“When the pigs undergo surgery, they get general anaesthesia and do not feel anything. I therefore do not think that the surgery hurts the animals. You could say: is it a waste that a pig has to die for the sake of research? The alternative was that it would have been turned into bacon, so my view is that developing scientific knowledge that ultimately may save people’s lives makes the pigs’ lives more meaningful than simply being turned into pork roast,” says Eva Zander Hesselkilde.

Invisible to the naked eye

The researchers tried to discover how a healthy heart becomes sick and especially how this can be discovered in good time. Today, not very many early markers indicate whether a person is about to experience ventricular fibrillation.

“Some tiny electrical changes arise that are invisible to the naked eye, but our research teaches us what to look for. A doctor in an ambulance can attach an electrocardiograph and, within a few minutes, can see whether the patient has a myocardial infarction and a greater risk of sudden death. Patients in the risk group can thus be treated to prevent ventricular fibrillation,” explains Stefan Sattler.

The researchers have already shown that the changes a blood clot causes are confined to the area in which the blood clot arises, while the rest of the heart remains almost unchanged.

“We can identify the triggers inducing ventricular fibrillation that result in sudden death.”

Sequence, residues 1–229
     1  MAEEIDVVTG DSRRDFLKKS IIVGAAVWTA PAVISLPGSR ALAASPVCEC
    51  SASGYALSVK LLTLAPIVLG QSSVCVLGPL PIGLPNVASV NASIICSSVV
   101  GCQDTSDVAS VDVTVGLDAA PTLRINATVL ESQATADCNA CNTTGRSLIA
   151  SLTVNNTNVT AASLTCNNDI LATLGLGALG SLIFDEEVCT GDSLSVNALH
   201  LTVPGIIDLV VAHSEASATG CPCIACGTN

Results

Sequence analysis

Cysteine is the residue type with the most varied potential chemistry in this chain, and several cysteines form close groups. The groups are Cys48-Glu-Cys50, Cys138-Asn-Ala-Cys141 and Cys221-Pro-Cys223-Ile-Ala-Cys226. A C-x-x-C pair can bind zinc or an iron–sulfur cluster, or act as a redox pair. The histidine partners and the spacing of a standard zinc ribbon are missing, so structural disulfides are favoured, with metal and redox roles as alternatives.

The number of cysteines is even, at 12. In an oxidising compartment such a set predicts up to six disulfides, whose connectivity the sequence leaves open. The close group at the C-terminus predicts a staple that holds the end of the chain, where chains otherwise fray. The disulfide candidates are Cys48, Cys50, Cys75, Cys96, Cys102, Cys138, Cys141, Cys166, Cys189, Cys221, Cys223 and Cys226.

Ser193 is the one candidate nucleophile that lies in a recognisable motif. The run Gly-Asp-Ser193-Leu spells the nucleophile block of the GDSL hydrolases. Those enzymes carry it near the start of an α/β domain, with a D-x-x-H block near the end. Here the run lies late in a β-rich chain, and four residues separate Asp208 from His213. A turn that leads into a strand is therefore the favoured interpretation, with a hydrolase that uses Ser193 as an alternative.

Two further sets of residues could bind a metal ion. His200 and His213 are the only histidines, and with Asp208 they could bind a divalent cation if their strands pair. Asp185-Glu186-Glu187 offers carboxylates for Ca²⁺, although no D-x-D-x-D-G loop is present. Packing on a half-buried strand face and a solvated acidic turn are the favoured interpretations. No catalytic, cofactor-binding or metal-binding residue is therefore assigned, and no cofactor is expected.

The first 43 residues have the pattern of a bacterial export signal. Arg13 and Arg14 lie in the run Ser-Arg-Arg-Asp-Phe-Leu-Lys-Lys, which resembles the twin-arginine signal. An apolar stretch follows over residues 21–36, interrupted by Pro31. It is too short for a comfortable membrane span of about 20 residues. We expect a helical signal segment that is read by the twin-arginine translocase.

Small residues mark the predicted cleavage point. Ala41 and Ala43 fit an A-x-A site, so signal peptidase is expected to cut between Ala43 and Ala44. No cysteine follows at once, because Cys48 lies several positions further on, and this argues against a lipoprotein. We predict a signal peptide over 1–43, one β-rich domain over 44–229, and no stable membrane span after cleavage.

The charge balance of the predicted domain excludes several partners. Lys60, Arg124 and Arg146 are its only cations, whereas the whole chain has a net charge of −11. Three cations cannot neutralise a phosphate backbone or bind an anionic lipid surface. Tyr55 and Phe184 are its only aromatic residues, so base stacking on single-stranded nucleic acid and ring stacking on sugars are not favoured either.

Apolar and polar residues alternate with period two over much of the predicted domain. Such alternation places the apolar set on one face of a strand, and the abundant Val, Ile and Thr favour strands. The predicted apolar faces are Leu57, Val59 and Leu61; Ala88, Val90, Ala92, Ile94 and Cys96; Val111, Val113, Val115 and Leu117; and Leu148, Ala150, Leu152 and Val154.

Life-saving medicine

If the researchers succeed in developing an effective screening method for detecting early markers for ventricular fibrillation, then it may be possible to treat the arrhythmia before it starts.

“Several drugs have been used on humans in the past decade, but we do not know whether we can treat people who have had an infarction to prevent ventricular fibrillation. In addition, some of the drugs have side-effects, such as reducing blood pressure. This is undesirable for people with myocardial infarction.”

There are no approved drugs for preventing ventricular fibrillation. The experiments can show how to develop new types of medicine.

“When a new drug is discovered with the potential to prevent the sudden death of people with infarction, we can use our method to test drugs and see whether they have the predicted effect and whether they will be useful clinically.”

The goal is to identify the people with increased risk and then give them the life-saving medicine in the ambulance on the way to the hospital.

Endocardial Mapping of Spontaneous Ventricular Fibrillation during Acute Myocardial Infarction in a Porcine Model is a collaborative project between Rigshospitalet, the University of Copenhagen, Ludwig Maximilian University of Munich and University College London. In 2013, the Novo Nordisk Foundation awarded a grant to Jacob Tfelt-Hansen of Rigshospitalet, a principal investigator of the project GEVAMI (Genetic Causes of Ventricular Arrhythmia in Patients during First ST-elevation Myocardial Infarction). In 2018, the Foundation awarded a grant to another participant, Thomas Jespersen, for the project Sudden Arrhythmogenic Death Syndrome in the Young (SADS-Young).

Eva Zander Hesselkilde
PhD, Postdoc
Research areas have mainly focused on large animal models of cardiac arrhythmias, including a chronic model of atrial fibrillation in horses and sudden cardiac death models in pigs.